11:15 am - The Geeky Stuff: Advanced Blending Options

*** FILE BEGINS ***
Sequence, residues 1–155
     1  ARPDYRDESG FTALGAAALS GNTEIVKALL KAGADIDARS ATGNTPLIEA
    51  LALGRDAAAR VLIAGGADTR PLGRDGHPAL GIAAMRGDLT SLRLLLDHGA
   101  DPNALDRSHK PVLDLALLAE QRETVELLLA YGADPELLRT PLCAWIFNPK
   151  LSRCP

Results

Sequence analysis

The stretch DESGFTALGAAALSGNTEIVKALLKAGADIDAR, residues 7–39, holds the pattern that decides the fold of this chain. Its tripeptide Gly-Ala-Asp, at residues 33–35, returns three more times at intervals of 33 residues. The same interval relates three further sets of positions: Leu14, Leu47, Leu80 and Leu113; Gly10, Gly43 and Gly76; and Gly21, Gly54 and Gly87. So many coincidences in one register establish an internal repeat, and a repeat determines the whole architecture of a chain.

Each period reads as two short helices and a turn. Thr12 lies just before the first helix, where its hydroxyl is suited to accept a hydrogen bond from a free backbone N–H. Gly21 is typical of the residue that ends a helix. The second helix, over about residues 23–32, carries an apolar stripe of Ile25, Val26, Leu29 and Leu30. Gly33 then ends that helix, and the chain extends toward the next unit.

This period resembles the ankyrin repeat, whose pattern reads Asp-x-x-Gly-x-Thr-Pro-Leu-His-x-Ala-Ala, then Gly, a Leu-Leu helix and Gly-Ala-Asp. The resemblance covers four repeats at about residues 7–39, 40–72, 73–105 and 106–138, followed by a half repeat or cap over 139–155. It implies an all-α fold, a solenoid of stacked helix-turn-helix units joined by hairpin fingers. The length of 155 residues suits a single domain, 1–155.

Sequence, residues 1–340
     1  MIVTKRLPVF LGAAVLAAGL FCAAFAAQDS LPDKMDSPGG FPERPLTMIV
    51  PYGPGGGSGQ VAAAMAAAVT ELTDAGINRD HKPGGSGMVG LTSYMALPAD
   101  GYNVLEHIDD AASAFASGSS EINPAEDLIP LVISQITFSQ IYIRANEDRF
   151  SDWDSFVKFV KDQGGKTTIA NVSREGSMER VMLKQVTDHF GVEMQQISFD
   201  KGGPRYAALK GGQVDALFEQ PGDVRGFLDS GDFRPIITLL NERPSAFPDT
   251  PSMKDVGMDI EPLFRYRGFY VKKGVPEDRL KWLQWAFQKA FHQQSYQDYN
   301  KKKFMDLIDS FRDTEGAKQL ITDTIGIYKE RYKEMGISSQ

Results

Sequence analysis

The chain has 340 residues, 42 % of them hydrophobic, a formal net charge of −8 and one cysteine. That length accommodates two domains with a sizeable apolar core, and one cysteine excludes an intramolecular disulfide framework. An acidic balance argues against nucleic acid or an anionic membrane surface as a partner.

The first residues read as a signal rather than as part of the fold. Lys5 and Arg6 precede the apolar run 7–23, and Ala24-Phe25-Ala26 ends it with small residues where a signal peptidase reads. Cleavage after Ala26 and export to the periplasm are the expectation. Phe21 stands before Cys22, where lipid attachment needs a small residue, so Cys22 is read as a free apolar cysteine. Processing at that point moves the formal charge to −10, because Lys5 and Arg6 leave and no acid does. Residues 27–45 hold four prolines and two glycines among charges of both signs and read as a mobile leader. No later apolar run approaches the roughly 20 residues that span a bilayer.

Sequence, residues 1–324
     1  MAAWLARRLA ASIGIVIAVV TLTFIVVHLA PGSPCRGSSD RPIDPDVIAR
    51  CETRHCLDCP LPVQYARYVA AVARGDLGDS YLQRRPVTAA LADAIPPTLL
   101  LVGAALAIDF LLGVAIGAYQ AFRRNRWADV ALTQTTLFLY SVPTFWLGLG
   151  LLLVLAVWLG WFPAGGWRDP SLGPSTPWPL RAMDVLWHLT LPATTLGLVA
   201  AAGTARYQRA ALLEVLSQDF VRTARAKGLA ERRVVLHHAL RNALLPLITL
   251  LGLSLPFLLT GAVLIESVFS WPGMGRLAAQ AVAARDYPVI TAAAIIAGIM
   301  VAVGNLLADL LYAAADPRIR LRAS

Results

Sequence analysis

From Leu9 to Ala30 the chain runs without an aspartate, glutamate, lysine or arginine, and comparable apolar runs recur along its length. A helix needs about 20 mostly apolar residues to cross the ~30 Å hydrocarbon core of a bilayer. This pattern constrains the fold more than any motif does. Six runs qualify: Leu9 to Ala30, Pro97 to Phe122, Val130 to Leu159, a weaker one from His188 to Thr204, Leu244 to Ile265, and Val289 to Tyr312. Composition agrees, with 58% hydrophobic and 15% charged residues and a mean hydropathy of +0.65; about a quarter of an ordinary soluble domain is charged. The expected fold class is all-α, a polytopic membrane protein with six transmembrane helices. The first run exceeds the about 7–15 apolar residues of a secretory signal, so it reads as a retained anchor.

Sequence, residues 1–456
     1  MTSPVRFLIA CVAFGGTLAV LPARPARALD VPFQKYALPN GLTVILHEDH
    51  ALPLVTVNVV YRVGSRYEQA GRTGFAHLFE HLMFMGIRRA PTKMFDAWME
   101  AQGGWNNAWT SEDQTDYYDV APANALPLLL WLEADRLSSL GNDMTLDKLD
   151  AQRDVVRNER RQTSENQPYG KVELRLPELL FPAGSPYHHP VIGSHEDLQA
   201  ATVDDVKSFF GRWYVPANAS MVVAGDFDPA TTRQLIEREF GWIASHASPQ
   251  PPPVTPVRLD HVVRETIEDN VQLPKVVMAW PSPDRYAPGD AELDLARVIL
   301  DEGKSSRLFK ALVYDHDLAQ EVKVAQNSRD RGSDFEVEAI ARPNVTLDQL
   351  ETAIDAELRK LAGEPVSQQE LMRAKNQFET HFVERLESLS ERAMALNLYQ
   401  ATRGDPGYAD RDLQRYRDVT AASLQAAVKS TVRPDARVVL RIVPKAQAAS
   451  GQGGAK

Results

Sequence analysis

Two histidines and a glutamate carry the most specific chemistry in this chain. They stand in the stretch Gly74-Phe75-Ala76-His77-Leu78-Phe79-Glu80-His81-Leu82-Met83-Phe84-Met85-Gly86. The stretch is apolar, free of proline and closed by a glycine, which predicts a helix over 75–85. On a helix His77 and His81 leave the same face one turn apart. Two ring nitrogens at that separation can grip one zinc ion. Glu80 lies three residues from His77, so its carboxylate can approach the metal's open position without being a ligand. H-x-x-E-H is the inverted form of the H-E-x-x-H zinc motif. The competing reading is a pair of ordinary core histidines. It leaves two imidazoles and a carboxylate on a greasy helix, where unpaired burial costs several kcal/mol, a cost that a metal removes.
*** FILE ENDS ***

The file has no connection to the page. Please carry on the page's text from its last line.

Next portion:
In this image, I have three layers if you look at these layers one on the time we have a texture at the bottom we have a part of a texture on the edge it's set to multiply mode, which acts like ink so it's kind of printing the texture on top of itself just on the edge and then I have a layer that contains just the star. Now, in this start, I've added some layer stiles also notice layer of facts and what those are our stroke around the edge integrated let's first turn off those effects so we just have the star and the other layers, and what I'm going to do to the star is tell the star to print on top of what's underneath it so that I can see the texture through this and one way of doing that is with the top layer active, come up here and set it to multiply mode multiply mode acts like ink, so it means print this layer which contains this red shape on top of what's under it. And so if I were to print this on an ink jet printer where I print that texture first on the sheet of paper, send ...